It’s interesting how advancement means lower quality, it’s happened in cars and it’s happened in music. Let’s make cars more plastic-y, let’s listen to music on lower quality systems, what happened? Uglier houses, unreliable fridges. How does anybody find anything to buy in the pound shop? Lower quality clothing that’s a quarter of the price but breaks in two weeks. Batteries that are half the price but last less than quarter of the time. There should be a disclaimer in there, “These goods are much cheaper than the better quality goods available in other stores, but they won’t last anywhere as long and you will end up spending four times as much as well as dealing with the inconvenience”.
Although we can argue all day about whether The National or Arcade Fire or Tame Impala are better quality than Robin Trower, Free or Lynyrd Skynyrd, it’s hard to argue about quality items versus cheap items and their value for money. Most of us settle for something in between Pound Shop/Primark and Harrods/Rodeo Drive and there’s probably an argument that an item is not worth the money on both ends of the scale.
How about we just raised the standards? How about making better quality goods cheaper, consequently removing rubbish from the market and giving people an appreciation of things. Somehow though, phones seem to have captured most everyone’s imagination and it seems that having a better phone is important. Perhaps because it is a multi-functional device – talk, text, stream, news, camera, music, soon you’ll be able to suck on it to get sustenance.
Music today has been mechanical in name, I started with the debut album by The Motors (1977), the hit was Dancing The Night Away and I was seriously about to play the second album that has my favourite song by them, Airport, on it, but I was impatient for that first Cars album (1978). It’s some kind of Sci Fi Pop in sound and image, great songs, much better than The Motors, some kind of slick American expertise throughout. It’s not that The Motors were bad, I liked it, but it did come from that Pub Rock tradition and the sophistication of this first Cars album is literally another world.
I’m sure you are aware that a REO Speedwagon was a type of early American vehicle and you are probably horrified at the thought of being exposed to the music of what became known as American mainstream schmaltz crap. Bauhaus were born as an antidote to this. Well in 1971 when they made this record, nobody had ever heard of them. They had a different singer, Terry Luttrell, who left after this album and although you can give it something of a hard time for, well, sounding like bands sounded then (not fair really), there are moments even if you have to dig for them. Luttrell by the way went on to join Starcastle (the American Yes).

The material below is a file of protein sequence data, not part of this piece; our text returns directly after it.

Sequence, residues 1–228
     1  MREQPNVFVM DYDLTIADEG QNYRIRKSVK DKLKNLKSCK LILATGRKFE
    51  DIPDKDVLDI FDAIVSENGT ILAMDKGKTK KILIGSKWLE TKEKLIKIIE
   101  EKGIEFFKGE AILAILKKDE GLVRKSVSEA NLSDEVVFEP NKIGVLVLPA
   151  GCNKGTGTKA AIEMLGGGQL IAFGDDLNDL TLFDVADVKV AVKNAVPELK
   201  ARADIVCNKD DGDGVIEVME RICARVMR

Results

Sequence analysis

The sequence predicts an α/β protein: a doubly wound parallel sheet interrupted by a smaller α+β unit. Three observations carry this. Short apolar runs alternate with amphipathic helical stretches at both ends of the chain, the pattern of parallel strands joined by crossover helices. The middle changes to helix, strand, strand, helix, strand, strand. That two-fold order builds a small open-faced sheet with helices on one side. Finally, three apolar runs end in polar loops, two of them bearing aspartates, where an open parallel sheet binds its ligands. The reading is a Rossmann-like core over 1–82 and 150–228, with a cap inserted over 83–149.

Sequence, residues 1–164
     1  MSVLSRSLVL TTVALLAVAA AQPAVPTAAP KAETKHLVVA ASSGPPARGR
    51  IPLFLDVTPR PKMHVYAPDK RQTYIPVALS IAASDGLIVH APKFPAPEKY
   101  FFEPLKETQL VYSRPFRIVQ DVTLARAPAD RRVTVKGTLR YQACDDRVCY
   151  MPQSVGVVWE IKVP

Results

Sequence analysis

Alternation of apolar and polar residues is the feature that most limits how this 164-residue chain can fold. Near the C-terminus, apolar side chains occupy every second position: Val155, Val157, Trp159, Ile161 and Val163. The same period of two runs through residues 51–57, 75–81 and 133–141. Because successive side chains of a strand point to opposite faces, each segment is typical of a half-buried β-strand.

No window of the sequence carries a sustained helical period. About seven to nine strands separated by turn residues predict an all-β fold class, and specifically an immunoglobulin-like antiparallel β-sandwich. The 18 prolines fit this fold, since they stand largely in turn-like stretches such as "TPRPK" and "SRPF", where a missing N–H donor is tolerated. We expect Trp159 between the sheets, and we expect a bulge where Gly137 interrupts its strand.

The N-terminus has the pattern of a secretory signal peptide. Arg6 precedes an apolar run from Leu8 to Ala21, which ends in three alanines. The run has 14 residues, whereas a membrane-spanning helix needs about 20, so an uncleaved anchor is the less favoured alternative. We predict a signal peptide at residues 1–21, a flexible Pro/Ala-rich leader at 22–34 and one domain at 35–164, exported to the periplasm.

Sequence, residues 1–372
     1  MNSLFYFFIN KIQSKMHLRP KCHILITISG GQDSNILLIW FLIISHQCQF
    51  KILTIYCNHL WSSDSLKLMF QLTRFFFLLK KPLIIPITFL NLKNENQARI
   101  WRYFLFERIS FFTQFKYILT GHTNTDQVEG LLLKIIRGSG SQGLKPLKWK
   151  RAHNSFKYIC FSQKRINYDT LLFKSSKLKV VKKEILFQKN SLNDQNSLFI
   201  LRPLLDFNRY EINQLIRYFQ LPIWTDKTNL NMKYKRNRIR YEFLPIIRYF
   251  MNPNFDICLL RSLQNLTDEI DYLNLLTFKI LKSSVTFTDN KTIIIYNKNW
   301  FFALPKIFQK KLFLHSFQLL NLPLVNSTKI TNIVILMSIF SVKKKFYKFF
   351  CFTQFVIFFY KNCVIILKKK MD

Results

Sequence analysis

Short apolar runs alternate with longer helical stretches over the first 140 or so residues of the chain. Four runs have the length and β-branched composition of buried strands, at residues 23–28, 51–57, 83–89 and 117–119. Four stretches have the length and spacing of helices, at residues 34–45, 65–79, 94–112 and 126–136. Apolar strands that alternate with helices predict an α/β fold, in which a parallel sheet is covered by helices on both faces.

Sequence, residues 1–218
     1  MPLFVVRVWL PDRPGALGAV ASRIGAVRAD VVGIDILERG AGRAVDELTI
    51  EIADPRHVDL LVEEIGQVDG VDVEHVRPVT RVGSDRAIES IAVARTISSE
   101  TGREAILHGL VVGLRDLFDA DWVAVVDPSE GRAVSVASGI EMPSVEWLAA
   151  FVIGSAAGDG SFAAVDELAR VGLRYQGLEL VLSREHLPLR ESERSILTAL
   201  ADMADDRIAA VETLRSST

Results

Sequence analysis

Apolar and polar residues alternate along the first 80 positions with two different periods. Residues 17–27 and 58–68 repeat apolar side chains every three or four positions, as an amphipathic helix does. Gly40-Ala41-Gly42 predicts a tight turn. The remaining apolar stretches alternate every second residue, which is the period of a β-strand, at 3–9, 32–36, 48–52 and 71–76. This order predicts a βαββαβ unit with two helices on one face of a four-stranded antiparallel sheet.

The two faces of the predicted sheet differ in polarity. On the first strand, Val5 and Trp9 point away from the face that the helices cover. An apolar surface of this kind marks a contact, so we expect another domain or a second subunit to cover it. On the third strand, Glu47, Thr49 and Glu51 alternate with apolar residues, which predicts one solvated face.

I know you are dying to know the details of the band’s name, well they were named after a truck from 1915, designed by Ransom Eli Olds who also gave his name to the Oldsmobile, the first mass-produced car.
This debut album is a stock standard Rock ‘n’ Roll album through and through with guitarist Gary Richrath (RIP) mostly fighting the keyboard player Neil Doughty for space and with rather ordinary lyrics. So you can skip Side 1 and the first track on Side 2, but then there’s Five Men Were Killed Today (lyrically outside the box for this band) and musically completely somewhere elsewhere, away from this record and straight out of the sixties. The next track is back to basics, but the last track is a ten minute Progressive epic with the untypical title Dead At Last. It seems like as soon as there’s anything to do with death the songs improve and as soon as it’s anything to do with hedonism, cars and girls etc, it isn’t happening. We can learn something from that as if as soon as they get more thoughtful, philosophical, they improve, they’re just trying harder. Dead At Last lives somewhere between Alice Cooper, Blue Oyster Cult and Steppenwolf. Richrath’s guitar is unnecessarily dirty and I really wouldn’t want to put you through having to listen to REO Speedwagon for two tracks that probably aren’t as good as the bands you like from the era. So, my advice, let me listen to this record for you, so you don’t have to bother.